Marketing Strategy for Investment Bankers
This paper sets out to explain how the concepts underlying marketing strategy, which is may be seen as applicable only to industries that provide tangible goods, such as iPads or pharmaceutical drugs, are nevertheless relevant to a service-based industry like investment banking. First, I will define marketing strategy and briefly describe its various elements. Next, I will define investment banking and give a brief description of the various services provided. Finally, I will explain how understanding marketing strategy provides additional rigor and insight to an investment banker’s decision making process. II. Marketing Strategy Overview
Marketing strategy is a firm’s long-term strategy for establishing and maintaining a competitive advantage in the market. It involves decisions about what products to bring to market, how the product should be priced, how it should be distributed, and how it should be promoted – the “marketing mix”. Marketing strategy recognizes that decisions about the marketing mix are interrelated and that they must change over the lifetime of the product. One fundamental concept to marketing strategy is the product life cycle (the “PLC”). This embodies the idea that a product’s sales volume will change over time and in a predictable pattern. Every product will go through four stages: introduction, growth, maturation, and decline. The goal of marketing strategy is to anticipate each product’s life cycle and to modify the marketing mix in anticipation of the product’s progression through that cycle.
A. Stages of the Product Life Cycle
1. Pre-Introduction and Introduction
Prior to introduction, the goal of marketing strategy is to identify what kind of product a market demands, to then determine the diffusion rate of that product, and finally to make decisions as to pricing, promotion, and distribution of the product. Marketing strategist have many tools available to anticipate what features to put into a new product prior to production of even the first unit. These strategies include surveys, conjoint analysis, internet experiments, and information accelerators. Marketing strategist must then predict the anticipated diffusion rate of a product in order to identify its projected sales and the related marketing expenditures in the introductory phase of the PLC (i.e., penetration versus skimming strategies). Rather than using the “napkin model,” which projects sales volume for a new product by looking to industry potential market size and penetration rate, marketing strategist rely on the qualitative factors of the ACCORD model1 and the ATA diffusion model to predict sales.2 Once the initial diffusion model is identified the Bass model can be used to determine the remaining product life cycle.3 2. Growth and Maturity Stages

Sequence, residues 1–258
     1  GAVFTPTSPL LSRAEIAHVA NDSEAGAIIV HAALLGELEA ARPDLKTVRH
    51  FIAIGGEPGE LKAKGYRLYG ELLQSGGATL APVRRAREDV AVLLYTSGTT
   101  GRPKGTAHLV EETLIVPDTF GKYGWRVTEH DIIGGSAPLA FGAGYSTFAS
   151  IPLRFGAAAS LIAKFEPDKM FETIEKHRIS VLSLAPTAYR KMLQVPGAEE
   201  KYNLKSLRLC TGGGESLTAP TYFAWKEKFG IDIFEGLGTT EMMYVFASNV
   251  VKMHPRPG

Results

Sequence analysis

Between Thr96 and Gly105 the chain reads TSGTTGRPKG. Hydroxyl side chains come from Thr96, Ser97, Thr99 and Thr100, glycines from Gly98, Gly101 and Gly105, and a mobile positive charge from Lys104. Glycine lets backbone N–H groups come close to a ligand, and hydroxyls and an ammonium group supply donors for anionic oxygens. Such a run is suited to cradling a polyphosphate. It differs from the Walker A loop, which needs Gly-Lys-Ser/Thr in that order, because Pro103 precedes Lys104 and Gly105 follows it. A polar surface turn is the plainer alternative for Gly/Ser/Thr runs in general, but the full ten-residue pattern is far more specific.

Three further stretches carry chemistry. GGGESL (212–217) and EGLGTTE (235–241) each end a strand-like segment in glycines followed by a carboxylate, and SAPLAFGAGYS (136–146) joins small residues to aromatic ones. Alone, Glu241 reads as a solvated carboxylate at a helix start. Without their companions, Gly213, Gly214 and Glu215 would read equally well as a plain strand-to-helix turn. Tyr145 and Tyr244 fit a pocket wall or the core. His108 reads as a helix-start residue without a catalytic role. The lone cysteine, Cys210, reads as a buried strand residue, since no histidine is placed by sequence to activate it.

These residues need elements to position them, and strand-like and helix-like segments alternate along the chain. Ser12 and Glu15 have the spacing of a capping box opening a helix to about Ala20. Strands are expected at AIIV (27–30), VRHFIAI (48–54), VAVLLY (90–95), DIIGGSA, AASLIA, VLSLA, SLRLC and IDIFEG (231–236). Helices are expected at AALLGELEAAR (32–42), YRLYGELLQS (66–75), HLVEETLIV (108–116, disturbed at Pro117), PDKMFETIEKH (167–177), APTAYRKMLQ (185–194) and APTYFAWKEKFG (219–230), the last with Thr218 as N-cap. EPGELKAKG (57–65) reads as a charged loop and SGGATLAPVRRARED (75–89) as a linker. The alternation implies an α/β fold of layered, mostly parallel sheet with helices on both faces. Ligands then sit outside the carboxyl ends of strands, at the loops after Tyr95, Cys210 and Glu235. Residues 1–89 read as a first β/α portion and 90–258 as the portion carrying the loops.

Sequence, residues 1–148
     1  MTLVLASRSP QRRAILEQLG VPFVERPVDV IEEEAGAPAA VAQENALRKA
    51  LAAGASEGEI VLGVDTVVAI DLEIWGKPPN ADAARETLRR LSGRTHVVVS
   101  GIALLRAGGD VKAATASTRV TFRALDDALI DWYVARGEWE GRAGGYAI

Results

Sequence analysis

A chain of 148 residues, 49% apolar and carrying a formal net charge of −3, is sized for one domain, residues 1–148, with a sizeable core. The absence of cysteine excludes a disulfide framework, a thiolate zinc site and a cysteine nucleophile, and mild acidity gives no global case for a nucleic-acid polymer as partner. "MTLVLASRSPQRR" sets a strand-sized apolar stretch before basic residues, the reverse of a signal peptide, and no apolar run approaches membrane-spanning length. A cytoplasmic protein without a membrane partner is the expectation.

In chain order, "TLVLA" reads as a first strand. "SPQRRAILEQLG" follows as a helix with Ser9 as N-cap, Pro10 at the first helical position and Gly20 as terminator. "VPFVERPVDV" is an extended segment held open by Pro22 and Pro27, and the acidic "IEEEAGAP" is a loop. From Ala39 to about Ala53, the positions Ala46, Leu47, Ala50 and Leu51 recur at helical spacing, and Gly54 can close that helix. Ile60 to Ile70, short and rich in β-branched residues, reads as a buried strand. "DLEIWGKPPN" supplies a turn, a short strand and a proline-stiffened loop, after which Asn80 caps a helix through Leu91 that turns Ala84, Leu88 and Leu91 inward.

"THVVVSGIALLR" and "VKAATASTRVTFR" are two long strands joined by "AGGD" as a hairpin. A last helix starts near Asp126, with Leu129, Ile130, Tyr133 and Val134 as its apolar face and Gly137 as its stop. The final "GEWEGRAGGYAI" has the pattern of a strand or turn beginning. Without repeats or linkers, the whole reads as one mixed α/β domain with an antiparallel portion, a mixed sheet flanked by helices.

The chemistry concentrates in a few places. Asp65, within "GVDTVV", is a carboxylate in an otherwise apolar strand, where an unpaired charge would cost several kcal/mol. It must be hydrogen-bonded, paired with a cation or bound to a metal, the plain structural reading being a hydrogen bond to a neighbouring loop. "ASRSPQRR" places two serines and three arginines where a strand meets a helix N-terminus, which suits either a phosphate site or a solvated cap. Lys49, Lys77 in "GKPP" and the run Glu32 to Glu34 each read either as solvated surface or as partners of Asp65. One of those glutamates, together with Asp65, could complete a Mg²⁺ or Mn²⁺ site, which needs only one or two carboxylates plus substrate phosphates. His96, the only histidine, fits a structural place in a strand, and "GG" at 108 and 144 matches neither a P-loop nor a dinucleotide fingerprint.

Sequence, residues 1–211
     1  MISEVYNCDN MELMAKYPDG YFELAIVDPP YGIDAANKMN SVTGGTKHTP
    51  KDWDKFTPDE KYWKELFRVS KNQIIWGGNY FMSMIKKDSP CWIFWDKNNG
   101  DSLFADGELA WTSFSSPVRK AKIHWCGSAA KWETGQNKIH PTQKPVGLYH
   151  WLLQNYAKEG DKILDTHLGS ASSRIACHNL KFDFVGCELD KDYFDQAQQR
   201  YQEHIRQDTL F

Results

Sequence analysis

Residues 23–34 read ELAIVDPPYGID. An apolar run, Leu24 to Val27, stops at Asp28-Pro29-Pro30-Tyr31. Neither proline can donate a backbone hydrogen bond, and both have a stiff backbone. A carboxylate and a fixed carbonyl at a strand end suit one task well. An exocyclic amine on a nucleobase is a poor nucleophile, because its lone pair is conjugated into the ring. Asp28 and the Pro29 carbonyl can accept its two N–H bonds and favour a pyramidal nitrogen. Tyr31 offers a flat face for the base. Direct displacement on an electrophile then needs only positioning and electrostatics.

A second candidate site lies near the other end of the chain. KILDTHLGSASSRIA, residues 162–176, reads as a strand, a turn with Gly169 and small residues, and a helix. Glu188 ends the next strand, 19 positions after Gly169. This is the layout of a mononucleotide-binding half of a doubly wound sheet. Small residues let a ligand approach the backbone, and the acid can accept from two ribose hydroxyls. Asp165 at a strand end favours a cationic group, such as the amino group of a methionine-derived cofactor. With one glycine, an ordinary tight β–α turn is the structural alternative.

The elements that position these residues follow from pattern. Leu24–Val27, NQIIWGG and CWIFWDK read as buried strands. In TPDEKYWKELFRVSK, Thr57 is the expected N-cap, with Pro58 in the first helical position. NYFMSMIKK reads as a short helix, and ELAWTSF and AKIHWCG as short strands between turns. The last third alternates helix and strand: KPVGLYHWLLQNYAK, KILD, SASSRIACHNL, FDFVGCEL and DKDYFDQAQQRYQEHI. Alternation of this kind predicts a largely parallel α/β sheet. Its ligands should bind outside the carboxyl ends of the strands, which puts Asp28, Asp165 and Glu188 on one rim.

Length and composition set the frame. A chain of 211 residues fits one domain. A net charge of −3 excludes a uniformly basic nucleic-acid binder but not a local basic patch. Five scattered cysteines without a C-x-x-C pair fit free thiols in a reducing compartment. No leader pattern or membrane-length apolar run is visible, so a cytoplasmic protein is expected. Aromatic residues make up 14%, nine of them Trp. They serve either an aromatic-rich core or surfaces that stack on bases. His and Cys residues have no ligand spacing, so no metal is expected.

The introductory period is followed by a period of growth where competitors begin to enter the market. Marketing strategy tells us that after this growth period return on investment will start to flatten as the product enters the maturity phase. The Bass model attempts to anticipate the timing of both the growth and maturity stages. As a product enters the mature phase, firms can expect increased competition for market share as market penetration reaches saturation. Industry participants can expect to struggle with cannibalization from a proliferation of product lines, increased operational complexity, and increased advertising spend, among other things, in an effort to maintain the sales volumes. Firms that understand the PLC are expected to anticipate its products’ movement along the PLC and re-position their marketing mix in order to maximize revenues in the maturity stage of the market (e.g., move into the economy or premium sector). Moreover, attentive firms understand that margins will decrease in the mature phase and will redefine the product’s standard of innovation, moving from spending on product...
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